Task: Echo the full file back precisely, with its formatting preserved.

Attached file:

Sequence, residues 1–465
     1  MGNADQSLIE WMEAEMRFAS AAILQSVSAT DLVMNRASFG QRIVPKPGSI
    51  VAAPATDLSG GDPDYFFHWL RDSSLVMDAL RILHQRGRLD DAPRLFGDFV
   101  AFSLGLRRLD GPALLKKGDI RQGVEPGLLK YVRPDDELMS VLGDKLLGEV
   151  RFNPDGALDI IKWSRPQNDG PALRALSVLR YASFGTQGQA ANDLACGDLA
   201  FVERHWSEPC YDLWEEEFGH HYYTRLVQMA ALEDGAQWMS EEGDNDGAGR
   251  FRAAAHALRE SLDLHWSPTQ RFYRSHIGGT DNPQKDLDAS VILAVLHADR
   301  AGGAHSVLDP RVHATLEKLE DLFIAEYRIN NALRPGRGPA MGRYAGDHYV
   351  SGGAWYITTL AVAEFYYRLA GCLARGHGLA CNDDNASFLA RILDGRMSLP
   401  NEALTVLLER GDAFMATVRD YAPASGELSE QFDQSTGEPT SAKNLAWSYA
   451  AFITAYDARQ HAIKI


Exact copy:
Sequence, residues 1–465
     1  MGNADQSLIE WMEAEMRFAS AAILQSVSAT DLVMNRASFG QRIVPKPGSI
    51  VAAPATDLSG GDPDYFFHWL RDSSLVMDAL RILHQRGRLD DAPRLFGDFV
   101  AFSLGLRRLD GPALLKKGDI RQGVEPGLLK YVRPDDELMS VLGDKLLGEV
   151  RFNPDGALDI IKWSRPQNDG PALRALSVLR YASFGTQGQA ANDLACGDLA
   201  FVERHWSEPC YDLWEEEFGH HYYTRLVQMA ALEDGAQWMS EEGDNDGAGR
   251  FRAAAHALRE SLDLHWSPTQ RFYRSHIGGT DNPQKDLDAS VILAVLHADR
   301  AGGAHSVLDP RVHATLEKLE DLFIAEYRIN NALRPGRGPA MGRYAGDHYV
   351  SGGAWYITTL AVAEFYYRLA GCLARGHGLA CNDDNASFLA RILDGRMSLP
   401  NEALTVLLER GDAFMATVRD YAPASGELSE QFDQSTGEPT SAKNLAWSYA
   451  AFITAYDARQ HAIKI